Kansas Healthy Yards Videos        
 Transforming Leaves from Trash to Treasure


Story:
Each fall, nature rewards us with a bounty of leaves. We’re left to wonder what to do with them. Do we rake? Do we bag? In this day and age when landfill space is getting tight, we should think about those leaves not necessarily being trash, but think about them as being a treasure.
 
Leaves have multiple uses in the home landscape. We need to get them out of the yard, so that they don’t shade out the grass over the winter months – to keep it healthy. You can collect the leaves by raking. Or, my favorite way of picking up the leaves is by vacuuming or sucking them up in the lawn mower.
 
Once you’ve picked them up, there are a few options for disposing the leaves. One way is to work them back into the soil. If you have an open space in your vegetable or flower garden, you can spade in a good four to six inches of shredded leaves that naturally break down and decompose over the winter months in the garden. They’ll break down a lot faster when there is good moisture in the soil. So if it’s a dry winter, you’ll need to water to help break the leaves down. Then, in the spring, you’ll need to rake and you’ll have that organic matter to help loosen up our clay soils.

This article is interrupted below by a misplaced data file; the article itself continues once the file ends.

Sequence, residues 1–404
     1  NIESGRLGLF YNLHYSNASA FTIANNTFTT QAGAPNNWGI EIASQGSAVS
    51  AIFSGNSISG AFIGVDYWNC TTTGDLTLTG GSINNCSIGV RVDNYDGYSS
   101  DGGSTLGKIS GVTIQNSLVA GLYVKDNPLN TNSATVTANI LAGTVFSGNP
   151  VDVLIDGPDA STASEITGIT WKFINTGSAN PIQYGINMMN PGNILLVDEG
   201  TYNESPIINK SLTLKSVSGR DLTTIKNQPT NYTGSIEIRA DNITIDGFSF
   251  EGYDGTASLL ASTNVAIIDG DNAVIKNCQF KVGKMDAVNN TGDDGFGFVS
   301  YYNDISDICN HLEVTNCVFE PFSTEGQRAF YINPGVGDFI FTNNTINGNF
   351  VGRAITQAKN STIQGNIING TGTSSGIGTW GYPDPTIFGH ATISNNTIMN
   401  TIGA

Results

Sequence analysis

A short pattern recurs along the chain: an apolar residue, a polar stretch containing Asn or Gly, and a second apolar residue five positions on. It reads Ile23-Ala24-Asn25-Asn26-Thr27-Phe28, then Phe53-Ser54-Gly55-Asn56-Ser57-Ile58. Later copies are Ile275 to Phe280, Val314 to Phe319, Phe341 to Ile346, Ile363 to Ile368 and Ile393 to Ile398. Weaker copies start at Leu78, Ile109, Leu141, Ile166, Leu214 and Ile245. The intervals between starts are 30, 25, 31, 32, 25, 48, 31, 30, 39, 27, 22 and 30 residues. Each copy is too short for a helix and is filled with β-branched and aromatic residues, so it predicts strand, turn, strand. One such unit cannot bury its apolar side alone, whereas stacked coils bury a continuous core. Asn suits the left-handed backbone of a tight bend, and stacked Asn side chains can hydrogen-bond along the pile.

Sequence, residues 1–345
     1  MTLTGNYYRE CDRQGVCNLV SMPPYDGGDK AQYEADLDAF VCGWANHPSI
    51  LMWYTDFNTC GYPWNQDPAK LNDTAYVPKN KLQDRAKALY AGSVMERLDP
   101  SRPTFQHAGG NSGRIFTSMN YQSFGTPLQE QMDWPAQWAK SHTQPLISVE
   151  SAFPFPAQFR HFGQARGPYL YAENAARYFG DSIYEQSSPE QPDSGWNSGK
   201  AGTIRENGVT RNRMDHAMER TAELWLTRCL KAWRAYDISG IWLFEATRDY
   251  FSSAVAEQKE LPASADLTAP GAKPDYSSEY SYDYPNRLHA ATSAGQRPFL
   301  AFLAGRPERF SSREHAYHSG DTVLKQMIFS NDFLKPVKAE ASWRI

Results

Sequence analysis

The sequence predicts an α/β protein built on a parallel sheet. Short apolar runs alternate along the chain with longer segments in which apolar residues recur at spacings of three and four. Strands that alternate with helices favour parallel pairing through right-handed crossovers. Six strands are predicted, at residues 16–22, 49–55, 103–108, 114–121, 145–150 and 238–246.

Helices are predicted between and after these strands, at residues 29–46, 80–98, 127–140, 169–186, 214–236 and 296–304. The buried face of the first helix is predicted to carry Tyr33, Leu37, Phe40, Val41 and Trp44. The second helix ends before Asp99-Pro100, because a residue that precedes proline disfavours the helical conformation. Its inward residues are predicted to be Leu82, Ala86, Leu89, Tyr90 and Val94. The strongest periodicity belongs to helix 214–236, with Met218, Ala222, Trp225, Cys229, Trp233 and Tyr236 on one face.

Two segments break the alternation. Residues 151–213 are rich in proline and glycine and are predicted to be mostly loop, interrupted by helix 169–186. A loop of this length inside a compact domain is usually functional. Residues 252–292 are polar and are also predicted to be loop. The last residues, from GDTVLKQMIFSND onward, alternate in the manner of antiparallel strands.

We can also use the leaves as a mulch. The leaves can be added this fall, or stockpiled to use next spring. A good layer of mulch is about three to four inches to cover the bare soil. The advantages of mulch is that it helps cool the soil, conserves moisture, controls weeds, and it keeps competition from other plants away from your desirable plants, so they’ll grow bigger and stronger.
 
Another great way to dispose leaves is to compost them. A compost pile isn’t difficult to build, and shredded leaves break down relatively quickly when using all the proper steps to composting.
 
So, in summary, leaves work great when incorporated into the soil to improve it, as mulch, or in a compost pile. And one other tip with your leaves – try to keep them out of the street and gutters. They tend to wash down into the storm sewers and drains, which can cause problems with water quality. So, do your best to get your leaves picked up from the lawn, and then use them to your advantage in the landscape.
 
This feature story prepared with Dennis Patton, Kansas State University Research and Extension Horticulture Agent, Johnson County. For more information, visit your local county extension office or visit our website at KansasGreenYards.org.